I’ve even heard from the counselors that I used to talk to. I’ve had a therapist say, “It’s not good for you to have the scanner on. It’s going to cause you anxiety.” But, no, not really. They don’t get it. Our normal level is at a different place. I used to joke about my kids that if they got a cut or a bloody nose, I’d say, “You’re fine.”

Caroline: My kids know that if they get hurt, their arm needs to fall off before they go to the ER.

Andrea: Exactly. My poor older daughter had a mom who was an EMT, a dad who was a police officer. I think high school life was a little hard for her. But it’s just a different world and a lot of people don’t get it. I think a lot of people go into relationships with this image of [first responder life.] I hear from so many younger women in the groups I’m in, “Holy smokes, he’s gone for a month. I’m pregnant or home with kids alone. I don’t hear from him because he doesn’t have phone service.”

Firefighting for them is their life. Some guys get completely immersed into it and they have a hard time separating. Some women think it’s so great that they only work a couple days a month. And some might, but for others it’s just a very different world. And it still doesn’t erase the things that they’re seeing and doing and the things they’re exposed to.

There’s more to it than toxic smoke. They might wear masks but not respirators. Also, there’s the mental health issues going on, post traumatic stress, anxiety, depression… I started seeing the more I was around the crews, how they cope, and unfortunately, most of the time it’s not in a healthy way. They would initially say, “It’s just [such-and-such]…” but I’d ask what’s really going on here. Then the wall starts to come down.

They’re proud. They don’t want people to see them break down, anything less than the big, strong firefighter hero. I’ve always made it clear there’s no judgment. I am here on the good and bad days. It’s okay to vent. You’re not working at a bank. You’re seeing and hearing things on a daily basis that the mind can only take so much. When you don’t manage it or let some steam off, it’s going to catch up with you.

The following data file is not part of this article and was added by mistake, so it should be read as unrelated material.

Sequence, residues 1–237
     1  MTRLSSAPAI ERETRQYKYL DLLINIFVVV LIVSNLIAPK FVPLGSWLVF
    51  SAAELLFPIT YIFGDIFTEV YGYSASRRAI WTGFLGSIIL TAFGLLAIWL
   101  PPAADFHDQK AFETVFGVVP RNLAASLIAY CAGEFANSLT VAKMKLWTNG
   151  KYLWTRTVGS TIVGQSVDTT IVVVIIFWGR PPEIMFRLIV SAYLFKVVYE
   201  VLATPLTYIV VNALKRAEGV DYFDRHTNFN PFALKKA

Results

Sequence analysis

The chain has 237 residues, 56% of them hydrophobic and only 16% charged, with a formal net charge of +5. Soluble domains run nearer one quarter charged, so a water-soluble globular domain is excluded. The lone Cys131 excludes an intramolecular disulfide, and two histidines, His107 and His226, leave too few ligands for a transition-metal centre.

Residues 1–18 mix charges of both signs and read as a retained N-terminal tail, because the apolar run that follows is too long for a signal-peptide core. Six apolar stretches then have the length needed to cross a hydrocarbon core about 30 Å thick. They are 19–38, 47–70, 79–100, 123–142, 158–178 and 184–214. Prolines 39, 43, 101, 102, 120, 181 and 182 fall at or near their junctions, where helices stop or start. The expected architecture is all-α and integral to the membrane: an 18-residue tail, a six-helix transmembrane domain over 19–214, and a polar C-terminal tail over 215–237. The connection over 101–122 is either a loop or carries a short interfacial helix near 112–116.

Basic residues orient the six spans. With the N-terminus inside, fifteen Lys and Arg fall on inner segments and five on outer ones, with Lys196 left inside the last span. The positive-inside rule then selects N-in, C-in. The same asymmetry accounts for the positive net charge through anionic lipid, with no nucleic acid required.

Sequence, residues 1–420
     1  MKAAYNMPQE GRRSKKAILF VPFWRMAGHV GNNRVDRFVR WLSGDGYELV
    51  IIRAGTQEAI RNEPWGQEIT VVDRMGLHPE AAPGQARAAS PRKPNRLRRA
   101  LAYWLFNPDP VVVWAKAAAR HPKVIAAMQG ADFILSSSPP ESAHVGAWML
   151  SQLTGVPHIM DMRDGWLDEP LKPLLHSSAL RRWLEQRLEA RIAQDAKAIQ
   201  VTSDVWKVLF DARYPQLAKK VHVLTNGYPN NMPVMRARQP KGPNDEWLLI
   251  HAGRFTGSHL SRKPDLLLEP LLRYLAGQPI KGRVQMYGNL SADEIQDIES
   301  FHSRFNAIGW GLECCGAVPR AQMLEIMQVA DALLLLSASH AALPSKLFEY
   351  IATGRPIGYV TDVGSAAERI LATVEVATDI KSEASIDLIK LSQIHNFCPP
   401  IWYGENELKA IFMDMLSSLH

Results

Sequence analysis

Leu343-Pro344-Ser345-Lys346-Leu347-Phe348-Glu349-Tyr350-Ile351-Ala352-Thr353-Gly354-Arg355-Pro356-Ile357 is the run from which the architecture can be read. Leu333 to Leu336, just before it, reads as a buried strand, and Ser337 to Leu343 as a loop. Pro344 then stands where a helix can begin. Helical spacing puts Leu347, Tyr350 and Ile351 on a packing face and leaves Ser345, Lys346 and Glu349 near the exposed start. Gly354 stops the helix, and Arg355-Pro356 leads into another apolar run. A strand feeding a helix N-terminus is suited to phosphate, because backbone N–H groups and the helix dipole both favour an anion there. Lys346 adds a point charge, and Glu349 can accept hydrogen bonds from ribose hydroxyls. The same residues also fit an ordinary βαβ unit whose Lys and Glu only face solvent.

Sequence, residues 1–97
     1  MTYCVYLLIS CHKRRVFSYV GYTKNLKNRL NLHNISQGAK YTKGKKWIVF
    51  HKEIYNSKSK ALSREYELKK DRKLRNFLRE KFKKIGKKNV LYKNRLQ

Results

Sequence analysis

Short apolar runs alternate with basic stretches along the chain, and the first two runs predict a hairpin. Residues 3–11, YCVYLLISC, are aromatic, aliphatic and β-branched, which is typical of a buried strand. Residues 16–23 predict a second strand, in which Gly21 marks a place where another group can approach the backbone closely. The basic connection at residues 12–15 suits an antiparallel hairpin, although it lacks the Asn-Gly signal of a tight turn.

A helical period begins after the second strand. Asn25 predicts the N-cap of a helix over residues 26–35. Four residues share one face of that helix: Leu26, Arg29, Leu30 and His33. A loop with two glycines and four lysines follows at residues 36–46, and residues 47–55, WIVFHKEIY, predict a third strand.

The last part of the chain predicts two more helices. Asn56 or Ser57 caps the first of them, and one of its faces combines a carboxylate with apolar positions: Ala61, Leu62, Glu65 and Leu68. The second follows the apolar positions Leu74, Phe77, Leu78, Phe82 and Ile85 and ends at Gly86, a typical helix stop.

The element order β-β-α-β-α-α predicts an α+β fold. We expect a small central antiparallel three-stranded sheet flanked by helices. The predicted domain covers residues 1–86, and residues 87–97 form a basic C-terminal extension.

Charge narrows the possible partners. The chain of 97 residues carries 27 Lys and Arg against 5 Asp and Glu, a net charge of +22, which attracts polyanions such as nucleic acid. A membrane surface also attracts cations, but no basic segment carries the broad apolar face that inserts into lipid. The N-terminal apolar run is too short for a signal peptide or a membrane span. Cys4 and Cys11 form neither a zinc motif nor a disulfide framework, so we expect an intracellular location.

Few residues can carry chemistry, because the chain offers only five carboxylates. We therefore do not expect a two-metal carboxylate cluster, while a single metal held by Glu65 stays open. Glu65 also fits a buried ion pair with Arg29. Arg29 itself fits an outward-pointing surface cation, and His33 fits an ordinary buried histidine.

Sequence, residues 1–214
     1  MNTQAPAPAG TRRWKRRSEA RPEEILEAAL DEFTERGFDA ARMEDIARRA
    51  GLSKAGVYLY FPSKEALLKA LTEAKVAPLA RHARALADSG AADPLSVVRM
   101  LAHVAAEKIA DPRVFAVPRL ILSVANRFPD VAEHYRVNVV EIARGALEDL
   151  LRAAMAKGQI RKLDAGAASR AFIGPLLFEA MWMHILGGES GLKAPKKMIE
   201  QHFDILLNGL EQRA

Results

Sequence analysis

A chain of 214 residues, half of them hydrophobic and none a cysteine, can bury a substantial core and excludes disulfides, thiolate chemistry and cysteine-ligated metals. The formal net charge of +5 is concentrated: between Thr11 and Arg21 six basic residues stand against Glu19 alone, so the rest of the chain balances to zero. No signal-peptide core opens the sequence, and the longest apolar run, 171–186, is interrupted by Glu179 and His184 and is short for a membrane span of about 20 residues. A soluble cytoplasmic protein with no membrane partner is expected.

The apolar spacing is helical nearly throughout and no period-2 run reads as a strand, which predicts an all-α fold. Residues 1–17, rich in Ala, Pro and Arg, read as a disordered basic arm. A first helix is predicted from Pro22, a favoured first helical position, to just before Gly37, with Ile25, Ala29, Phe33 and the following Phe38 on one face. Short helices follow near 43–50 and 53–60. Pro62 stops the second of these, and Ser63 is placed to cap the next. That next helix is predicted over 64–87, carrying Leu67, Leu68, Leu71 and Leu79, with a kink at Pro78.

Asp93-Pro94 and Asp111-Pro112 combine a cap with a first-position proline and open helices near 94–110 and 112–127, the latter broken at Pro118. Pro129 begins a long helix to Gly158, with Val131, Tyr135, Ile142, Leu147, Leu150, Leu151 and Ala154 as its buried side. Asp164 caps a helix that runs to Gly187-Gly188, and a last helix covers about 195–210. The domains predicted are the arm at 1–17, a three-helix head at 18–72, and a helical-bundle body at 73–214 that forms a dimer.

Caroline: People forget that first responders are human too.

Andrea: One of my favorite quotes is, “Firefighters are not machines.” You can’t have them working nonstop with one day off and hardly any sleep. They’re not eating well, they’re drinking too much caffeine, the stress levels… Their bodies start to fall apart; their minds start to fall apart. I started to dive into cancer rates, mental health issues, cardiovascular, everything. What are ways we can promote healthier firehouse living and healthier living for them when off duty?

Caroline: What are the hours like where you are? For instance the firehouse guys as opposed to the fire jumpers.

Andrea: Right now, everyone is understaffed, so there’s a lot of mando (mandatory overtime). It depends on the city, but many of them are about two days on and a couple days off and it rotates. A Cal Fire guy might go in for Thursday through Saturday and stay there. But there’s always a risk of getting called out to a fire out of the area. He could be gone for a week or many weeks. City guys are dealing with getting called out on strike teams because California is having so many fires.

I was talking to a guy in the county department and he’s not even with the station but he had to come up and cover because they’re short-staffed. One of the biggest issues is that they’re working at about 70%. There’s no line up at the Academy.

Caroline: We are seeing that nationally. I’m not sure about globally, but it is national from New Hampshire, down south, the academies aren’t full, more are leaving than are joining. Departments are just crushed.

Andrea: Definitely. That puts a lot of pressure on crews. They’re getting run into the ground. I’ve seen it lighten up a tiny bit, but we’re having more fires now.

Caroline: I know California has a particular season, but is this fire season lasting a little longer than it has in the past?

Andrea: Oh absolutely. From what I’m hearing, September has been crazy and I’m hearing it’s going to go into November at this point. We’re not getting rain.

Caroline: That’s late for California fires.